Family Radio selling stations, moving headquarters to Nashville

Family Radio
Construction on the new Nashville, Tennessee headquarters for Family Stations, Inc. The facility is expected to be completed in January 2020. |

Family Radio, the theologically conservative radio station once headed by controversial author and radio host Harold Camping, will be moving from its longtime California headquarters to Nashville, Tennessee.

A new headquarters is presently under construction in Nashville, with the move expected to take place sometime in January of next year.

Meanwhile, Family Radio has sold multiple stations that were losing money and will host their first on-air fundraiser in more than 30 years this week, on Oct. 29-31, called Vision 20/20.  

Richard Whitworth, senior director of Marketing at Family Stations, Inc., explained in comments to The Christian Post that the move came “after considerable prayer and discussion” and came in large part because of the operating expenses in California.

“We want to be good stewards of our finances, the gifts from our listeners, and the gifts God has given us. The decision to move to Nashville was made primarily because of the cost of doing business in the Bay Area,” explained Whitworth.

“Nashville is a hub for Christian music and ministry, which makes it easier to both attract and retain staff and talent.”

Family Radio
Construction on the new Nashville, Tennessee headquarters for Family Stations, Inc. The facility is expected to be completed in January 2020. |

Whitworth called the move to Nashville and the other recent changes “gifts from God” and “a fresh start for Family Radio.”  

“We also made the equally important decision to ‘right-size’ Family Radio’s operations. This meant selling several stations that were losing money and had little or no hope of reversing that trend. Honestly, we still have a few more stations we will need to sell,” he said.

“Selling a station and letting go of staff members is like letting go of family. So there have been a lot of emotional, hard decisions that had to be made. But we trust that God has brought us to this point and He will lead us through.”

Whitworth noted some positive news, such as Family Radio stations being able to reach an estimated 80 million people and ongoing popularity for their digital and online platforms.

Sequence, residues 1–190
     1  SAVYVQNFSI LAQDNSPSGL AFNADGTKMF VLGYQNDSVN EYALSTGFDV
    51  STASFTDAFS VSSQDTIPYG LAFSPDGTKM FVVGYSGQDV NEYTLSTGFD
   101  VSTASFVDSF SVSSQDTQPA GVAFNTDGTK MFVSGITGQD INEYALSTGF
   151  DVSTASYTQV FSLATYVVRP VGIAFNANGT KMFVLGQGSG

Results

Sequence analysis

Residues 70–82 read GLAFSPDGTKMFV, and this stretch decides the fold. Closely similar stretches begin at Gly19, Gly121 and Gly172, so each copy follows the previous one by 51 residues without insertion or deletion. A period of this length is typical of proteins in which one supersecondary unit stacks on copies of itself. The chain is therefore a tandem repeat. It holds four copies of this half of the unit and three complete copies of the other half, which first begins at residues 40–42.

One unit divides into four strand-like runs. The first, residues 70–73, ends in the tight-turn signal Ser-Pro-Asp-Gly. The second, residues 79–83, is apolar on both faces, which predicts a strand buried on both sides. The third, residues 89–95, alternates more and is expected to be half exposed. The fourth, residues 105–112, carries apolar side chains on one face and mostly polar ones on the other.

Family Radio had its first broadcast in 1959 from an FM radio station in San Francisco, Calif. Over time, the conservative Christian station expanded to have programming heard nationally.

However, during the 1990s and 2000s, the station garnered controversy as its long-serving president, Harold Camping, claimed that all churches were apostate and predicted that the Rapture would take place on May 21, 2011.

harold camping
Harold Camping, president of Family Radio, fixes his mic as he prepares for a live radio broadcast on Monday, May 23, 2011. Camping delivered his first public statement on Monday since his failed prediction that the rapture would occur on May 21. |

Following Camping’s death in 2013, Family Radio reported an increase in donations. Last September, the station officially decided to remove all of Camping’s programs.

"We decided as a team, as a board of directors, and as the leadership team to remove all of Mr. Camping's teachings," said Tom Evans, president and general manager of Family Radio, told CP in an interview last year.

"Family Radio has come out of self-imposed isolation and we've repented from many of our former positions, date-setting the end of the world and all that, as well as the condemnation of the church."

As part of this change in direction, Family Radio formed partnerships with other ministries, airing programs from Parkside Church Senior Pastor Alistair Begg and the young-earth creationist organization Answers in Genesis.

Whitworth was optimistic about the financial future of Family Radio, telling CP that it is “closer today to overall financial health than at any time in the last 20-plus years.”

“Tom Evans, our general manager, has led and is leading the organization through a massive reorganization including the reduction of staff, the sale of non-producing assets, and the move to the Nashville area where operating costs are significantly less than in California,” stated Whitworth.

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